PHS Drumline drums up student hype with heavy metal

Hala Habahbeh, A&E Editor

The tenors. The snares. The cymbals. Crashing. The students. Thudding. Screaming. Laughing. The music erupted, filling the 60 acres of Palatine High School, allowing for the energy to be felt from the stadium. It is the time of the night for heavy metal. 

After each home game, the PHS drumline, band, and friends gather at the flagpole for one last performance for the night: heavy metal. Including singing, screaming, and dancing, heavy metal is a special Palatine drumline tradition used to end the Friday Night Lights. 

“Heavy Metal is a composition of short songs called “ditties” that are played consecutively,” drum-line section leader Nadia Metzo said. 

Each ‘ditty’ garners a different response from the crowd allowing for the crowd to be included without being in the drumline. Ranging from simply grooving to the beats of the drums and reaching specific choreography.

“There are two parts of heavy metal: there’s the part that the drumline plays,” director of bands Carlos Esquivel said. “Then there’s a lot of dancing that goes along with it.” 

Anyone and everyone are welcome to partake in this special Palatine tradition and are encouraged to join.

“It’s a way to bring people together, no matter where they come from at school,” Metzo said. “It keeps the students hyped and excited even if our football team loses, it lifts everyone’s spirits.”

Heavy metal isn’t like any other tradition. With a long and unknown history, heavy metal has remained a cherished tradition.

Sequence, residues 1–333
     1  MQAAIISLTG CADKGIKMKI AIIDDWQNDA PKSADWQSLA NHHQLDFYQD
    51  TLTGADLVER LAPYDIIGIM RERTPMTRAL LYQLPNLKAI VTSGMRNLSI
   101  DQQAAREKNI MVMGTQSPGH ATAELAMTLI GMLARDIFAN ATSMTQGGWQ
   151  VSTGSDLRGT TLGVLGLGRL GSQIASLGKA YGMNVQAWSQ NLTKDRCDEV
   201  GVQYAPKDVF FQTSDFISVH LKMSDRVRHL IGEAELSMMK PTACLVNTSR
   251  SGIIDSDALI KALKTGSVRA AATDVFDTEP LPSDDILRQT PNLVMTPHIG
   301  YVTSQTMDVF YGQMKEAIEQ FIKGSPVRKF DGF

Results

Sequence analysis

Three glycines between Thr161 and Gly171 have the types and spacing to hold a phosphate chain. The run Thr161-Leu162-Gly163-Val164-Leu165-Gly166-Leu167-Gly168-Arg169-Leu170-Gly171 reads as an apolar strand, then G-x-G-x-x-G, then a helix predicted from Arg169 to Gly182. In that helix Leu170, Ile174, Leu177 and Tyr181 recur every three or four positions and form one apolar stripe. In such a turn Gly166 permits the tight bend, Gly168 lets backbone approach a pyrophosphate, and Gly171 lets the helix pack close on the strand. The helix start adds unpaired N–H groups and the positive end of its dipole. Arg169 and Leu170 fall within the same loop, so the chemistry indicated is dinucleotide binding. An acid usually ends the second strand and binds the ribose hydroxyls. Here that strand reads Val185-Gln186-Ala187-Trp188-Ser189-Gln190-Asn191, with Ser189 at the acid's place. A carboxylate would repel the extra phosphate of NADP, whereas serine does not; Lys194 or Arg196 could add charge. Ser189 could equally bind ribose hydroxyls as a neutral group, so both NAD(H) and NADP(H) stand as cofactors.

“When I came into the job, I didn’t really understand [heavy metal] until I saw it,” Esquivel said. “I also just heard from the students that it was something important to them to continue doing so.” 

PHS Drumline leads students in a bombastic song, with little rehearsal to boot. (Hala Habahbeh)

As all traditions aim to achieve, heavy metal certainly meets the expectations of creating an inclusive and inspiring environment. 

“There’s a lot of traditions that bands have at their own individual schools,” Esquivel said. “But all I know is that this is something that is special here.”

Traditions, like heavy metal, that have been around for decades are bound to change and adapt as new students become part of the tradition. The new students change the dance as each new generation grooves to the beats of the drums differently. 

“It’s changed over the years like some of the dances,” Esquivel said.

Even as dances have evolved, heavy metal values have remained the same: having fun. Having fun is what makes heavy metal special because there’s no pressure from the academic realm. 

Yet, that’s not the only thing that makes heavy metal so special. 

“It’s very student-led,” Esquivel said.  “This is a special student thing.”

The band directors don’t choreograph heavy metal, nor is it conducted by them. The entire performance, dancing, and positive energy are created by band students, specifically the drumline, for all the students. It allows for leadership and inclusivity for all involved.

Join the PHS drumline for heavy metal after any home football or basketball games.